(As an aside, I would think I might enjoy helping out at the local primary school as an assistant teacher – but I will not, as a 50+ balding, overweight guy can you imagine what the reaction would be? Not in this land, not at this time.)

        I don’t think having a family as such has much to do with anything. Nearly all the ‘greats’ I know of and those working in landscape photography who I would recognise as ‘names’ had/have families. To my mind it’s all about division of labour within the relationship. Let’s say one works, one stays home. One at work (away from home) 50hrs a week including travelling, one at home does the family/house thing for 50 hours a week – what’s left is up to the couple to sort out between them, or does one rule the other? Who gets to go fishing all day Saturday? Who does the golf thing Sunday morning?

        Whatever the reason, whatever the pseudo justification, discrimination stinks!

  5. I was a young adult with children during the sexual revolution years – a lot has changed but you have identified an area where there needs to be continuing change. This begs the questions that I have asked for years: why does having children impact women in ways that are different than for men? Safety issues and gender roles continually need to be at the forefront of our discussions.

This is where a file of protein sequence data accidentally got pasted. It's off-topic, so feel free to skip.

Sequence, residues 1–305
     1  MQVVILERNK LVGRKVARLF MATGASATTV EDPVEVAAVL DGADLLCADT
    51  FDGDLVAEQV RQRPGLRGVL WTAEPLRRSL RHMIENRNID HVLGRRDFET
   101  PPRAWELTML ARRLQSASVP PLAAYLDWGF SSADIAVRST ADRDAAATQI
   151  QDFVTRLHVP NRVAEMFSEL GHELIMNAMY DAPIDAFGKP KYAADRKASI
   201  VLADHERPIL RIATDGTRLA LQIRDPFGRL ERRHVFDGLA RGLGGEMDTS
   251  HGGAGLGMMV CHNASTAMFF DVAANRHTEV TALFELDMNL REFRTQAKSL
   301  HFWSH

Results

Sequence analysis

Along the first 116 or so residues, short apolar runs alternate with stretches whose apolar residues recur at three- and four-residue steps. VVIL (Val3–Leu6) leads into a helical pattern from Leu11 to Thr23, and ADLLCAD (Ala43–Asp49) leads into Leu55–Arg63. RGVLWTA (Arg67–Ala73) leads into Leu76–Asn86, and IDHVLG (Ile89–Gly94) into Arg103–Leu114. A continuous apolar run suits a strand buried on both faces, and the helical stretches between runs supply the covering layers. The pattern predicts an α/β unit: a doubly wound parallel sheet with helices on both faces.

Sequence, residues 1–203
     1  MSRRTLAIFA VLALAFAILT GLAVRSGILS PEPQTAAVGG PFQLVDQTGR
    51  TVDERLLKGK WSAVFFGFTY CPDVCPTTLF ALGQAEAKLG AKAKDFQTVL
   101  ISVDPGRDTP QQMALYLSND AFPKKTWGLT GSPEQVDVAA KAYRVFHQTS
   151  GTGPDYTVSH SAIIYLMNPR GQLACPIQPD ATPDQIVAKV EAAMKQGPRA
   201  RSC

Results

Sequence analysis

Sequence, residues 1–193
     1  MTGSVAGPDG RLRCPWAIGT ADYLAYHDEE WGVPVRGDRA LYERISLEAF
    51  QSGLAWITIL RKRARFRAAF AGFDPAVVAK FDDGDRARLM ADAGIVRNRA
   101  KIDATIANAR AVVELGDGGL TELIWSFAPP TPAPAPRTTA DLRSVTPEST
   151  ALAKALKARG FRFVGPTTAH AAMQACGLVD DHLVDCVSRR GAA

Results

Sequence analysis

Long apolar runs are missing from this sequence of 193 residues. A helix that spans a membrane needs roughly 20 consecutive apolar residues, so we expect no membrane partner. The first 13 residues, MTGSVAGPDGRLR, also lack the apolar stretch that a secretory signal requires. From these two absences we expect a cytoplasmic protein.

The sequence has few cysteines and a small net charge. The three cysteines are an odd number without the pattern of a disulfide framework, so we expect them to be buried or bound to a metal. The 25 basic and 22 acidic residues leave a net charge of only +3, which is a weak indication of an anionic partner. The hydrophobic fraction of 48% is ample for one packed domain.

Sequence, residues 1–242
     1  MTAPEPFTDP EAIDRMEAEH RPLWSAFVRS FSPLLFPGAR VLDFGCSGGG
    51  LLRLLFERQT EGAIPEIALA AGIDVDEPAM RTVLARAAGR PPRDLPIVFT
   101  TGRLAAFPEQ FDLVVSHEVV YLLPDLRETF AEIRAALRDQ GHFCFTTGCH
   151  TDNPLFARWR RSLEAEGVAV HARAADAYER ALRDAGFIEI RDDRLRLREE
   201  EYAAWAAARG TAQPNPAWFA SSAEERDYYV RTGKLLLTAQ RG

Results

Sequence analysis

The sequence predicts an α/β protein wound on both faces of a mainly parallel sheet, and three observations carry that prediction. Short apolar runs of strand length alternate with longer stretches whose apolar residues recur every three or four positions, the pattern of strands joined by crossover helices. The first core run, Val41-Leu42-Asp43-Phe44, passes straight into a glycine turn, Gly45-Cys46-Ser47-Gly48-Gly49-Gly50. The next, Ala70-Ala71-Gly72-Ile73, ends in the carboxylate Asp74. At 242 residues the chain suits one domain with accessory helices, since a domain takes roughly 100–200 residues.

6. Agree, Stephen, any kind of discrimination is bad. I suppose there are always what you call “pseudo” justifications and it is sometimes difficult to separate those from some “real” reasons. I guess trying to do so makes the journey even more worthwhile… I have been fortunate recently to have been very much encouraged in pursuing my passion for photography (by both men and women 🙂 and think my own outlook has changed dramatically because of it, for the better I might add. Now, Rachael, your last comment makes me curious as to what you have up your sleeve! Tours for women? One of the other contributors offers something like that, if I remember correctly. I shall certainly keep my eyes peeled!

  7. A delightful and thoughtful post. Just an aside… I think there’s a female running a photo workshop here in Bandon (the Oregon Coast, actually) from South Carolina (I think?) I ran into the group last summer.
    Our list of photo workshops here is growing and I have very mixed feelings about it. But, as you observed, most of them are run by males.